These are by no means the only mistakes that businesses can make when it comes to CX technology. To explore the full range of pitfalls—and get top tips on how to overcome them—jump to our CX technology “mistakes” page.

 

Want to learn how to vet any BPO provider?

Check out our Insanely Honest Guide to Outsourced CX, which gives you 26 questions you can use to vet your outsourcing partner.

6

What does the future hold for CX technology?

While the digital disruption and acceleration caused by the pandemic have slowed, it laid the foundations for the continued development of CX and CXM technology solutions.

Of the many emerging CX trends, here are three you need to be aware of.

The metaverse and CX

The biggest change in the pipeline for CX technology is the metaverse. How successfully businesses incorporate the metaverse into their omnichannel CX journeys will likely dictate how competitive they can be.

25% of people will spend at least one hour per day in the metaverse by 2026, according to research from Gartner.

Businesses in the retail sector will be particularly keen to stay ahead of the curve as their competitors invest heavily in “virtual land”. Businesses and individuals have spent nearly $2 billion on virtual land in the past 12 months, according to the BBC.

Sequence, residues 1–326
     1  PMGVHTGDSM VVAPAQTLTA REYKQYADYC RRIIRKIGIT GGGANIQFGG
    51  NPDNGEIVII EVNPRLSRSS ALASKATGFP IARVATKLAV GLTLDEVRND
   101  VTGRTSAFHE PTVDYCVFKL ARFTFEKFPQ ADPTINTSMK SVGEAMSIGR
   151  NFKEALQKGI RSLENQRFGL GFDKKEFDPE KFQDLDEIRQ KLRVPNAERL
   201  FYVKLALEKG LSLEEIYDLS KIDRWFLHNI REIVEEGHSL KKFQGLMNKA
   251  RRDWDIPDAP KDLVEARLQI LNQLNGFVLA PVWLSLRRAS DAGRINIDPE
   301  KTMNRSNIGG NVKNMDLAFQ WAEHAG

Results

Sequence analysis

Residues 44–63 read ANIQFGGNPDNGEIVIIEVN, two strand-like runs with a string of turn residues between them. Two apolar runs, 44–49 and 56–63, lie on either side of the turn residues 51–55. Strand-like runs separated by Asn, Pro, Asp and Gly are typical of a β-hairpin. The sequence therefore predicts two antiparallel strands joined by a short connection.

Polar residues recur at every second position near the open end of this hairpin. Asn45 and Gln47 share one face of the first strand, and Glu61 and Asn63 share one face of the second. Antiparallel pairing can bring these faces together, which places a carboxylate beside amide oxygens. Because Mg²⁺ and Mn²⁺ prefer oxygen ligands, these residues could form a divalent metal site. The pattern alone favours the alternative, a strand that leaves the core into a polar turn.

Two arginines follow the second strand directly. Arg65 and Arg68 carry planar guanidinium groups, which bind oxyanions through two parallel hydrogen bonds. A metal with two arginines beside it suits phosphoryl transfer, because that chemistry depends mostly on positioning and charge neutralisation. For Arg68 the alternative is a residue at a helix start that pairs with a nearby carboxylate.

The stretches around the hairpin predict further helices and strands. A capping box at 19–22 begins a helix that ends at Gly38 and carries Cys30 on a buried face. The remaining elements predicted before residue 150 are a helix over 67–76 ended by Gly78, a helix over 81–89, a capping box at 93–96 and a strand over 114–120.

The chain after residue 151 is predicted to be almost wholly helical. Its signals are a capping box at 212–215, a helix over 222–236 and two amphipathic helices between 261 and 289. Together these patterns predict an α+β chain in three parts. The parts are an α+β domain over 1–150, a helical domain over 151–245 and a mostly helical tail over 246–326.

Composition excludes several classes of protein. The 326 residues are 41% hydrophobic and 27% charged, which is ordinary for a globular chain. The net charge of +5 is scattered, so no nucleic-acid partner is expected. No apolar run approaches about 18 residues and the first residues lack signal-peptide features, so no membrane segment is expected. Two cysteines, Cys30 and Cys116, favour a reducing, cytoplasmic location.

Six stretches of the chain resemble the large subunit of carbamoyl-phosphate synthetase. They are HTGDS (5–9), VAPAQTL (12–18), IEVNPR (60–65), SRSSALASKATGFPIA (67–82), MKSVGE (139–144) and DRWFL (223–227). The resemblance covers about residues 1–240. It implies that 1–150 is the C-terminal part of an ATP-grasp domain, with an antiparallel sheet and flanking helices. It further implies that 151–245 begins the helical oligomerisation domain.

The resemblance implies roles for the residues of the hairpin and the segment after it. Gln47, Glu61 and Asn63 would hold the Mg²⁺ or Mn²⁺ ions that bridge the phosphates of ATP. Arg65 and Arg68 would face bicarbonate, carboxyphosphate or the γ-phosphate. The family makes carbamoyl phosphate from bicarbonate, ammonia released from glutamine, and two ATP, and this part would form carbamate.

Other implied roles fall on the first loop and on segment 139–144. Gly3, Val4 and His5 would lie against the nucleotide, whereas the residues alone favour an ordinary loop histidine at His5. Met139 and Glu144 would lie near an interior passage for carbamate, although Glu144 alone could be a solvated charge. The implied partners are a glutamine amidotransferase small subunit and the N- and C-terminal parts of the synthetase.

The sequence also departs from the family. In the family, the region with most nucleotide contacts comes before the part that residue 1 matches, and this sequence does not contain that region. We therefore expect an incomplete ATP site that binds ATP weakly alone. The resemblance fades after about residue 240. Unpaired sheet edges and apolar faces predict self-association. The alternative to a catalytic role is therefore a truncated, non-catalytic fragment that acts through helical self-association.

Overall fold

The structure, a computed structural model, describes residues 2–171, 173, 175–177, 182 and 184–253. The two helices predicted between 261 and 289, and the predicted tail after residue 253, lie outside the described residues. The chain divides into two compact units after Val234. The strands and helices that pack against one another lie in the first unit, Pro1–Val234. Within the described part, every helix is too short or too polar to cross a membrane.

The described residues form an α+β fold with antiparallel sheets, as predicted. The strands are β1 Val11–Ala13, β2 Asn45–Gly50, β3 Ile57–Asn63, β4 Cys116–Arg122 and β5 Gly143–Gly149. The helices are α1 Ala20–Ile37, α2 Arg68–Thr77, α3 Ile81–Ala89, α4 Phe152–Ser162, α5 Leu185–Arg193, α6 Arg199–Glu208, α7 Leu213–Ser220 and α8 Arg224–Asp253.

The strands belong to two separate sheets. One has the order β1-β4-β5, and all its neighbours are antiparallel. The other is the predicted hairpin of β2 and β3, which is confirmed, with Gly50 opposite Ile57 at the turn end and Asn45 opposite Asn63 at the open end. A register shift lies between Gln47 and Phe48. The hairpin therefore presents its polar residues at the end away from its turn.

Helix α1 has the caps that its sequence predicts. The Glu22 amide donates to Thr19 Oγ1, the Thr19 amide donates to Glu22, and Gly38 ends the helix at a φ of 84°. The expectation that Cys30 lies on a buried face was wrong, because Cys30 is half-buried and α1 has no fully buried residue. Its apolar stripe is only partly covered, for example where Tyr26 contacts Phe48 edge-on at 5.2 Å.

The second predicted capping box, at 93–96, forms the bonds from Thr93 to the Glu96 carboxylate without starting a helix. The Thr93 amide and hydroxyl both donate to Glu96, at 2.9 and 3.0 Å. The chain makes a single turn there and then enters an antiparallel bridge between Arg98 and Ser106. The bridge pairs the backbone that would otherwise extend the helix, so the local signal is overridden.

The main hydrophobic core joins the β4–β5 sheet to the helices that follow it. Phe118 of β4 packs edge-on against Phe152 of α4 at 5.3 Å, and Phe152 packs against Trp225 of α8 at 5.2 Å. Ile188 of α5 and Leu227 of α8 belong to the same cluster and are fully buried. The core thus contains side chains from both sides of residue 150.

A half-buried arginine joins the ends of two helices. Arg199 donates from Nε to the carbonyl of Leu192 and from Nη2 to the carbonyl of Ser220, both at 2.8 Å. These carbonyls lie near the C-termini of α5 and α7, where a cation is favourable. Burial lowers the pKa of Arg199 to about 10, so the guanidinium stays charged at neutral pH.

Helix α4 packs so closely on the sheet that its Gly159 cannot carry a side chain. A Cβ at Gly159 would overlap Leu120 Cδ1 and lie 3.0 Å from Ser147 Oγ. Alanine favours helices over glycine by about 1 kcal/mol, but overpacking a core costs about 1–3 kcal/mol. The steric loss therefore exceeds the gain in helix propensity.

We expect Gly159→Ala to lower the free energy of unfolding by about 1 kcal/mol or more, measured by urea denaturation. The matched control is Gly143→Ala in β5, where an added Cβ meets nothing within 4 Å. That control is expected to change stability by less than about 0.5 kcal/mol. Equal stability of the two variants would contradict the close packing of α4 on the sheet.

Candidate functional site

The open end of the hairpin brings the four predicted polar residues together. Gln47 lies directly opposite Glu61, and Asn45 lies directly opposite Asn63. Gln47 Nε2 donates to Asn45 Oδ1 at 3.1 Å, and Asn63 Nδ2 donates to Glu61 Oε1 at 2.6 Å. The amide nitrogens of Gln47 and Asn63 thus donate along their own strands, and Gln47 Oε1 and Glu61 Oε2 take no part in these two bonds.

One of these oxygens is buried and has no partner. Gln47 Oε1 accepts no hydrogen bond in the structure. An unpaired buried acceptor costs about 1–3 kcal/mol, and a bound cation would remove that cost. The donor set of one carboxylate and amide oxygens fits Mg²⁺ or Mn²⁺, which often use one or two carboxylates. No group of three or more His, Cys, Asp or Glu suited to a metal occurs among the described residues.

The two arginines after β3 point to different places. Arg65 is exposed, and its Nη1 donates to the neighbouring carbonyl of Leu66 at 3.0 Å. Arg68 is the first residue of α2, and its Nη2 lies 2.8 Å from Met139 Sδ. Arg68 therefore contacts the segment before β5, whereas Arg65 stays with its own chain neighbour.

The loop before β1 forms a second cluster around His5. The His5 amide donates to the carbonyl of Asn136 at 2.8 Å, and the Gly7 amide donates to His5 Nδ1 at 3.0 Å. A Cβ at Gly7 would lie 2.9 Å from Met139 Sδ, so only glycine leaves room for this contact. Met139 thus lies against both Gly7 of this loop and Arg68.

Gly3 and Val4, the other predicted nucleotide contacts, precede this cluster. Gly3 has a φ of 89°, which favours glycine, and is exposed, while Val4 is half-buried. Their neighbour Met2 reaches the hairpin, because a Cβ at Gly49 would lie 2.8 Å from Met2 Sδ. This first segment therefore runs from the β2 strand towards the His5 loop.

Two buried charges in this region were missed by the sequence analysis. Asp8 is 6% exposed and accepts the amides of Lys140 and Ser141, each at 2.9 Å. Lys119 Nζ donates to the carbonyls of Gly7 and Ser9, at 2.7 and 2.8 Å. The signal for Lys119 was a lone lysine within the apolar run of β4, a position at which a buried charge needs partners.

Positive customer experiences using Web 3.0

Forward-looking CX teams are assessing how best to use Web 3.0 to improve customer experiences.

Web 3.0 should give customers greater peace of mind as its use of blockchain technology decreases the likelihood of their data being lost or hacked. These assurances will likely change customer behavior and expectations, which will have a ripple effect on the nature of CX interactions.

It also means that businesses will not be able to access customer data in the ways they have before. As such, the ways businesses interact with their customers and create personalized experiences will also need to change.

Connecting customer touchpoints across decentralized teams

Businesses have become increasingly more decentralized through the use of operating models such as smart-shoring.

This means departments and teams are more distributed and the use of partnership models is increasing. This will put increased pressure on the ability of businesses to ensure consistency across departments.

Currently, 73% of U.S. consumers expect consistent interactions across departments. Yet, an incredible 60% of consumers say it generally feels like they’re communicating with separate departments rather than one company, according to research from Salesforce.

Take call centers, for example. When calling agents are no longer under one roof, CX teams will increasingly need solutions that allow for seamless data flow between locations without sacrificing data security or failing to maintain compliance.

When it comes to emerging trends, this is the very tip of a pretty sizable iceberg. If you want to explore more—check out our page on emerging CX technology trends.

It includes a detailed rundown of the things you need to think about now, including why self-service solutions are an absolute necessity.